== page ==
Wednesday, July 16, 2014

Pivoting with your shoes untied

There is one area that we have competitive advantage against, well, the entire world. 

Our advantage is the battle tested, mature and highly effective land attack cruise missile. There is no other similar weapon with the bonafides of the Tomahawk Land Attack Cruise Missile (TLAM). Some claim, but non can prove.

Sure, like the Harpoon it is old and slow - but it works and is good and better than something PPT thick.

The exceptionally reliable fire-and-forget drone would, on the surface, seem to be the one capability we would want to keep. Relative long range, unmanned, precise, and with the right warhead choice - exceptionally flexible across a wide range of targeting requirements.

As we move/pivot towards a dangerous world, as outlined by our friend Seth Cropsey over at DefenseNews;
... the Defense Department demurred when the Navy asked for an additional 980 TLAMs to increase its inventory of the most up-to-date model. Not only was the request denied, the decision was taken to end production of the Tomahawk in fiscal 2016. No more orders for the missile would be placed after the autumn of 2015.

The termination followed a December DoD decision to cut the number of TLAMs to be ordered from 4,900 to 3,700. No strategic justification was offered to account for the reduction.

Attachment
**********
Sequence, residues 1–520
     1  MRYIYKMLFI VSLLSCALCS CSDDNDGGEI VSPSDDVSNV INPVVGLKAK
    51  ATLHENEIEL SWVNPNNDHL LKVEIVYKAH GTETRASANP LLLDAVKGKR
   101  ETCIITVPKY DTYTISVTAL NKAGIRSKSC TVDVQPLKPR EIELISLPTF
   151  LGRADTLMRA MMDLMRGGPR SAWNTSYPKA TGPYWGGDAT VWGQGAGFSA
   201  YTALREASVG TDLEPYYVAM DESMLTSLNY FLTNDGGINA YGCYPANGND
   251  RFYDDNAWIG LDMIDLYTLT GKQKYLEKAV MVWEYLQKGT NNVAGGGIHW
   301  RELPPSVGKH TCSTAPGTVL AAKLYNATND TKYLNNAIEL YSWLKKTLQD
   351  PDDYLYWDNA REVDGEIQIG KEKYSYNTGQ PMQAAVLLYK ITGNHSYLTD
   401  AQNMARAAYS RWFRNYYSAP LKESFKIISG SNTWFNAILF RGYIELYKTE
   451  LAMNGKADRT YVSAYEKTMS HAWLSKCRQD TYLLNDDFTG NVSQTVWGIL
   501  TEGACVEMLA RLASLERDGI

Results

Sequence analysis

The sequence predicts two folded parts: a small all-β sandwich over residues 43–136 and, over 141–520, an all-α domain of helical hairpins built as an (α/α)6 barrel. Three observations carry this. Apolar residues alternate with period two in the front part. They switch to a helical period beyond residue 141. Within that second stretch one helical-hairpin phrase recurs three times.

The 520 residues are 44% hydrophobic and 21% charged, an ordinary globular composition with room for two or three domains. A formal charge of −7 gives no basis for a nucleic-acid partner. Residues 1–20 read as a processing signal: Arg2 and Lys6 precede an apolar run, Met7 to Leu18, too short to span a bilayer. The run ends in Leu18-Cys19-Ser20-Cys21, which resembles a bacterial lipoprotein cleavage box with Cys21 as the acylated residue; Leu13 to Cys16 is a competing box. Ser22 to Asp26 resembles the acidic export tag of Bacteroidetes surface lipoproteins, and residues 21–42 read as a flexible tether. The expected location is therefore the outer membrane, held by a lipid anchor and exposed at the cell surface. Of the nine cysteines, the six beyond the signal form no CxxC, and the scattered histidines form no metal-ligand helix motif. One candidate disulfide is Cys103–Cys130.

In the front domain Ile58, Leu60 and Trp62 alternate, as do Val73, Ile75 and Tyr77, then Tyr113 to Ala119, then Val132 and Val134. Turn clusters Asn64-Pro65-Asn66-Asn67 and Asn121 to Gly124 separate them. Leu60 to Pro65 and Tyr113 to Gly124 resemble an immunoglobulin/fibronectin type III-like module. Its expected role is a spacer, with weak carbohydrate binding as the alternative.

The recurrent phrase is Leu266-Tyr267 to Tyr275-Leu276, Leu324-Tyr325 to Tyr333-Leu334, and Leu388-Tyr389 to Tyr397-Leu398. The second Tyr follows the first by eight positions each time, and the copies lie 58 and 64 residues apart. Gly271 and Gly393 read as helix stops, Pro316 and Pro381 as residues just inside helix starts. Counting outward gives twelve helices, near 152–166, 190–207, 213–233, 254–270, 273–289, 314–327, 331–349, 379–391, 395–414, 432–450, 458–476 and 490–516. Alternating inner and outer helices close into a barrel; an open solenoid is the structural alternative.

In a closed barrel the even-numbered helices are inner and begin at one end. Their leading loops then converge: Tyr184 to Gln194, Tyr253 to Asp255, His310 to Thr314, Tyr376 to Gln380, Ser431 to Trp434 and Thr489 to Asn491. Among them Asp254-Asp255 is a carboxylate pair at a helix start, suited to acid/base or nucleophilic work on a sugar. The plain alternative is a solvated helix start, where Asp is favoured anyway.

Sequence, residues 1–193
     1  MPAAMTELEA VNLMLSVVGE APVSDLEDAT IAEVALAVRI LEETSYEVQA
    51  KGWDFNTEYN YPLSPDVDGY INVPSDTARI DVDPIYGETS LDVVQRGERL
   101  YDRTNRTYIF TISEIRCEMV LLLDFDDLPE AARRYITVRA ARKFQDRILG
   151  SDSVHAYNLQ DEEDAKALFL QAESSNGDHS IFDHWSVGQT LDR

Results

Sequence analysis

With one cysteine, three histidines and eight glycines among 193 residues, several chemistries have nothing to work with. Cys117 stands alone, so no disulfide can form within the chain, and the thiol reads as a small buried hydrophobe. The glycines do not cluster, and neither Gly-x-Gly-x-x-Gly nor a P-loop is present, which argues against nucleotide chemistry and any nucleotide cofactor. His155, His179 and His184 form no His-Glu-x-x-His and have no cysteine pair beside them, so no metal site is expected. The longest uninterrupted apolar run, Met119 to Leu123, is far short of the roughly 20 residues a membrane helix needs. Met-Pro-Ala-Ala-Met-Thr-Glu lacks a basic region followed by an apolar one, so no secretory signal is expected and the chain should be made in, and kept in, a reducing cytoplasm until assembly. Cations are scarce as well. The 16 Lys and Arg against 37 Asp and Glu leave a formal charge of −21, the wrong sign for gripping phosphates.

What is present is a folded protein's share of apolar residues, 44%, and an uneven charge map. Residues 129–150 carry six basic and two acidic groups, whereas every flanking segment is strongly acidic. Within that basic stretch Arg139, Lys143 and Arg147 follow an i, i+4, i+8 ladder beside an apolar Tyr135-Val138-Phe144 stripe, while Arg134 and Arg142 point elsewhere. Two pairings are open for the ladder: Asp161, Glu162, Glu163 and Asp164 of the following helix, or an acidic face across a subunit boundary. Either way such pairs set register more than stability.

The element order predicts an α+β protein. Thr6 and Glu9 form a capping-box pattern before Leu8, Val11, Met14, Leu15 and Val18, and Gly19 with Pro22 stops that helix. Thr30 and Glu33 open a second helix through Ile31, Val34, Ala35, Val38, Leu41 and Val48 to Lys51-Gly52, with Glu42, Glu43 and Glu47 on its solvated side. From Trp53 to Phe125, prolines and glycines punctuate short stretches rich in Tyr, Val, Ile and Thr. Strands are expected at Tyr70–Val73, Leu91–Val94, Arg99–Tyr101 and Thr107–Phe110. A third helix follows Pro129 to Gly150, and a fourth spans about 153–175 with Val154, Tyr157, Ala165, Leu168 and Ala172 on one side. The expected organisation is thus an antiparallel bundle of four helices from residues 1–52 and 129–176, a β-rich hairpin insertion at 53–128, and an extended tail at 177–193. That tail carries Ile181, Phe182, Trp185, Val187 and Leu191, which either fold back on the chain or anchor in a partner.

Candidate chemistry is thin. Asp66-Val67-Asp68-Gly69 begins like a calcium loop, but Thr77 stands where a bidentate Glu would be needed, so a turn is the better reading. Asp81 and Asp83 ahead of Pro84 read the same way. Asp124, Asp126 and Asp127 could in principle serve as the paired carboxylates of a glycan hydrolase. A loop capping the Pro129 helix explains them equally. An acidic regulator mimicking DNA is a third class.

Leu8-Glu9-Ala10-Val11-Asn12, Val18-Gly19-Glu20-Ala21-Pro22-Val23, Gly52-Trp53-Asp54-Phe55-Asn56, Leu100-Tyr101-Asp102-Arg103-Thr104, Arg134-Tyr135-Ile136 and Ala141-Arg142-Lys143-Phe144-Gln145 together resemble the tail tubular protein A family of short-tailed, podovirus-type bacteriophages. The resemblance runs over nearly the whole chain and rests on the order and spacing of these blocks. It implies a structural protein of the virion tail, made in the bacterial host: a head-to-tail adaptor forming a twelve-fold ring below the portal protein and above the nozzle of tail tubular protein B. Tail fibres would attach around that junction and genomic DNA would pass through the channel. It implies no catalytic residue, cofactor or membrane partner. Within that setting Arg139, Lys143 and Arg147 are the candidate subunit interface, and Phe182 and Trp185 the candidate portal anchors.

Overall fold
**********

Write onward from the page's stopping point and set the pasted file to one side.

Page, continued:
Where does this leave the US? The opening salvo of Operation Iraqi Freedom, in 2003, expended well over 800 TLAMs. Twelve years earlier, 250 missiles were fired during Operation Desert Storm. Including operations in Kosovo and the 1998 strike against Iraqi sites suspected of developing weapons of mass destruction, the average use of the weapon rounds out at something between 100 and 200 per year.
He forgot my baby, DESERT FOX at over 325, but let's continue;
The current Block 4 model, which features improved navigation, anti-jamming and retarget­ing systems, began to be delivered 10 years ago. It should be capable of performing combat missions for 30 years if properly maintained, including a recertification at the midpoint of its service life. The midpoint for the first Block 4 Tomahawks will occur in 2019.

But if, as the Defense Department now plans, no more missiles will be ordered after fiscal 2015, the technicians, engineers and contractors who must recertify the missiles will have long since vacated to find other work.
Is this a smart risk to take? Not if you want to avoid having to put pilots across the beach to take our static targets and want a hedge against the next generation of armed drones - or as I like to call them, reusable TLAM.
President Obama’s first secretary of defense, Robert Gates, noted in an April 2014 interview in the US military’s Stars and Stripes, “when it comes to predicting where and how we’re going to use military force next over the last 40 years since Vietnam, we have a perfect record: We haven’t gotten it right once.”

Gates added, “you can’t just predict these things [i.e. the use of force], and we need to recognize our inability to predict them.”

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